Me: Sir, you are right. Both the skilled workforce and the leaders are required as both are in fact complementary. Skilled workforce work at ground level and the leaders provide vision and direction to the energy of the workforce. But we need to focus more on skill development as there are many public as well as private institutes in India which produce top leaders. IIMs are among the top institutions in Asia and similarly private institutes like ISB are among top apart from lot of other such institutes. But if we talk of skill development, less than 2% of our youth get formal skill training and hence situation is skewed here. So, more focus should be on skill development.
Member 3: You mentioned values in your answer. Do you think that now a days older people are less respected in society.
Me: Sir, yesterday I was traveling in the Metro and I observed that a senior citizen asked for a sit from a young lad and the lad refused. This was a shock to me. There are many reasons like – growing individualism in society, breakdown of joint family and the values associated with it, changing priorities of the youth and so on. So, there is a decline in the respect they receive.
M3: How do you see the industry and university relations presently?
Me: Sir, apart form a few premier institutions like IITs and IIMs, industry-university relations are not as good. A study was conducted by NASSCOM and McKinsey which highlighted that 75% of our graduates are not employable. This is because they don't have the requisite skill sets which are required in industry. Graduate have little idea about what is required in industry and there is a mismatch in the two.
M3: What are the subjects on which you draw cartoons?
Me: Sir they are mostly contemporary social issues.
M3: In that what you draw?
Me: Sir, they have a wide range – from UPSC, to technology to social evils and other issues like poverty on which I have drawn many cartoons.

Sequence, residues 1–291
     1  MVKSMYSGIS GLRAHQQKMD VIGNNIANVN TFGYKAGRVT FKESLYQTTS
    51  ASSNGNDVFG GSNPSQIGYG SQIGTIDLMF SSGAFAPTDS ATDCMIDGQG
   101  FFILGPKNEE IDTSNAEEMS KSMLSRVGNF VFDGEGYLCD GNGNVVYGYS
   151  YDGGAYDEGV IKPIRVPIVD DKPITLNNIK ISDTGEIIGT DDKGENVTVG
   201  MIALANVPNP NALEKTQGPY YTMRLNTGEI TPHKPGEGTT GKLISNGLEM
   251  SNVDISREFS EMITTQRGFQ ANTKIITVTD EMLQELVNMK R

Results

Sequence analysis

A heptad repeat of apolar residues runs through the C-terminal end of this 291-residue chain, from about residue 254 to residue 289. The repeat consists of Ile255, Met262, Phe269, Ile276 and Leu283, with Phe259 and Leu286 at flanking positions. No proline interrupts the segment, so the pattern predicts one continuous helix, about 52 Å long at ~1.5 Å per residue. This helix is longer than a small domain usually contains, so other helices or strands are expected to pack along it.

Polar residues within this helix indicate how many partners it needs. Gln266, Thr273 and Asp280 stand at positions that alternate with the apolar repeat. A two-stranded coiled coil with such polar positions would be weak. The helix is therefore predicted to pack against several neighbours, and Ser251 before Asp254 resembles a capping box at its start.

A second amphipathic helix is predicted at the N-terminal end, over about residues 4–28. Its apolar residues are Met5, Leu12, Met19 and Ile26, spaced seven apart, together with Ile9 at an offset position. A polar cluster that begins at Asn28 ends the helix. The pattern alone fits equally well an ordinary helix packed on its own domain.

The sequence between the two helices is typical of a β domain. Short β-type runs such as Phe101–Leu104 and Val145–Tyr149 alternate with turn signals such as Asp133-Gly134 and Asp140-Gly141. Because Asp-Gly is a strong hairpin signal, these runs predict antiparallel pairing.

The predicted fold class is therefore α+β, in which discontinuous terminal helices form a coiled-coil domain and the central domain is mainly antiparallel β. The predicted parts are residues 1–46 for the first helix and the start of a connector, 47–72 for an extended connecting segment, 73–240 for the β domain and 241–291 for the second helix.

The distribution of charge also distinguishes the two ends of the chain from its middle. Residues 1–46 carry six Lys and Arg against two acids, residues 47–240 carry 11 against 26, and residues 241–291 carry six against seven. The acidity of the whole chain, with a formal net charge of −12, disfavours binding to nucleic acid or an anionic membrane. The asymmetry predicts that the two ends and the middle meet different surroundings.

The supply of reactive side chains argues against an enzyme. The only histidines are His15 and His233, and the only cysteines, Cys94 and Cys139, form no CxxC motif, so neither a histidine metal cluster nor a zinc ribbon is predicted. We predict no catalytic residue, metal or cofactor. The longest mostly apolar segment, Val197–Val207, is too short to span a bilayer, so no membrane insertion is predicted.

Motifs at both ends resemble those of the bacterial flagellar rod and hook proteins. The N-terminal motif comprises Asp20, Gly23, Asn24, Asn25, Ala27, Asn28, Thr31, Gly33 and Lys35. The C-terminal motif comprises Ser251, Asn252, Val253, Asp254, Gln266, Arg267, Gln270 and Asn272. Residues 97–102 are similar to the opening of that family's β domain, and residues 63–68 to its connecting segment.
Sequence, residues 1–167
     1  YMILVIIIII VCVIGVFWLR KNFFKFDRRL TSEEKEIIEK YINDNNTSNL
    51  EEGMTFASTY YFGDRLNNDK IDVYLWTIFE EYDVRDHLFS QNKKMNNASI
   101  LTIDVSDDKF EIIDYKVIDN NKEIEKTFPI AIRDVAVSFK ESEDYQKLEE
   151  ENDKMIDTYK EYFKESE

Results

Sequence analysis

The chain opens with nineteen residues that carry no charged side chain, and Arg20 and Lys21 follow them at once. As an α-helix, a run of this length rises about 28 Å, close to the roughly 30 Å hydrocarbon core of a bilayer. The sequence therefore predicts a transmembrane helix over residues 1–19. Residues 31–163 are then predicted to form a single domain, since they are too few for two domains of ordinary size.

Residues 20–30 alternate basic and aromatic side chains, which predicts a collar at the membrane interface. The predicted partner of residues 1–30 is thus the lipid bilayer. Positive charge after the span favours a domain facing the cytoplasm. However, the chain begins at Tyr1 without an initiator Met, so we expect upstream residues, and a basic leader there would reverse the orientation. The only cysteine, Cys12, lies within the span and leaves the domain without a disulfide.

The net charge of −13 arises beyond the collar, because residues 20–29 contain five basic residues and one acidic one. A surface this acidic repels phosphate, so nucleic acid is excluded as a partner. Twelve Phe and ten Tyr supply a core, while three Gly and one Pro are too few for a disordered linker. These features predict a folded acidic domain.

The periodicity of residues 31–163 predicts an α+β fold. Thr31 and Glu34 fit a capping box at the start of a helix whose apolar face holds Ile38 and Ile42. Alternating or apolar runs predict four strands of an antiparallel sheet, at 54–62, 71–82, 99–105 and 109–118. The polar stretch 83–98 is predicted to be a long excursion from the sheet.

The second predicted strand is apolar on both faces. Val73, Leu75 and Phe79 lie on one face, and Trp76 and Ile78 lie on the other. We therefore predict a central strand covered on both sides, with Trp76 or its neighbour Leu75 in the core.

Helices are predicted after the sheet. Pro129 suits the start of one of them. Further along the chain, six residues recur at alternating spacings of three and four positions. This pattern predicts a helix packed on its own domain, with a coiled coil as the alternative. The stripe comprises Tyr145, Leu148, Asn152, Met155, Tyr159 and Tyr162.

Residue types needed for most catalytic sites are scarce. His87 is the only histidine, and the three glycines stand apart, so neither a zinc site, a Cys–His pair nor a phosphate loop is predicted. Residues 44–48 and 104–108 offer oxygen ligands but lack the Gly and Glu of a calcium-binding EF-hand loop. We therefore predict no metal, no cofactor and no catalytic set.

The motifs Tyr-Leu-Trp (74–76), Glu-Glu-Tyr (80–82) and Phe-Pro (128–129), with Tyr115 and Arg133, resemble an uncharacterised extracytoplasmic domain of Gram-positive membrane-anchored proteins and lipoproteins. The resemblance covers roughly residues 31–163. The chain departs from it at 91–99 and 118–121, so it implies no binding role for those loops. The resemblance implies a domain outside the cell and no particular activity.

M3: Ok, what was the cartoon that you drew about UPSC?
Me: Sir, it was a cartoon that I drew last year when there was an increase in number of attempts to 6. I wanted to highlight some other dimensions of this step like – 6 period is a very long time and it will also mean that a significant chunk of our educated and skilled workforce will remain engaged in this. 4 years is sufficient time and the energy of youth can instead be utilized in other productive activities.
Member 4: Can you mention the context in which the NASSCOM study which you mentioned was conducted.
Me: Actually sir, this is a bit old study and was done at the time of my graduation and that's the reason I still remember it as I took a bit personal at that time. I am not sure about the exact context, but it was related to IT industry and technology firms.
M4: You mentioned that a large section of youth graduating from the technological institutes is unemployable. What is the reason?
Me: Sir, there are various reasons. First of all, many of the private institutions and medical colleges in India were open all of a sudden and as a result, the quality was compromised. Many government appointed committees have even recommended that these so called 'deemed universities' be closed down. Secondly, there is also a grave faculty crunch as even premier institutions like IITs and IIMs also suffer from faculty crunch. Thirdly, teaching is no longer the preferred choice of the talent especially after the liberalization of the economy when corporate sector started to attract talent. So, there are issues related to basic infrastructure and these factors which led to this situation.
M4: Why you didn't opt for a corporate job and chose civil services?
Me: Sir, I have worked in corporate, namely Infosys and ABB – an MNC, and I used to involve myself into a lot of CSR activities and I enjoyed them a lot. Further, I come from a very small town – almost a rural area – where there are a lot of problems. One has to struggle for even a small thing like an FIR and I have personally faced such problems many a time. So, I would like to work at grass root level and it gives me immense satisfaction.
Chairman: What was your date of appointment?
Sir: *******
(By this time, he had located the column where I have indicated my current service as DANICS)
C: So, you were not in DANICS when you were appointed.
Me: Sir, at that time, result was declared and I was allotted this service.
C: Ok, thank you, your interview is over.
I said thank you in reply and walked.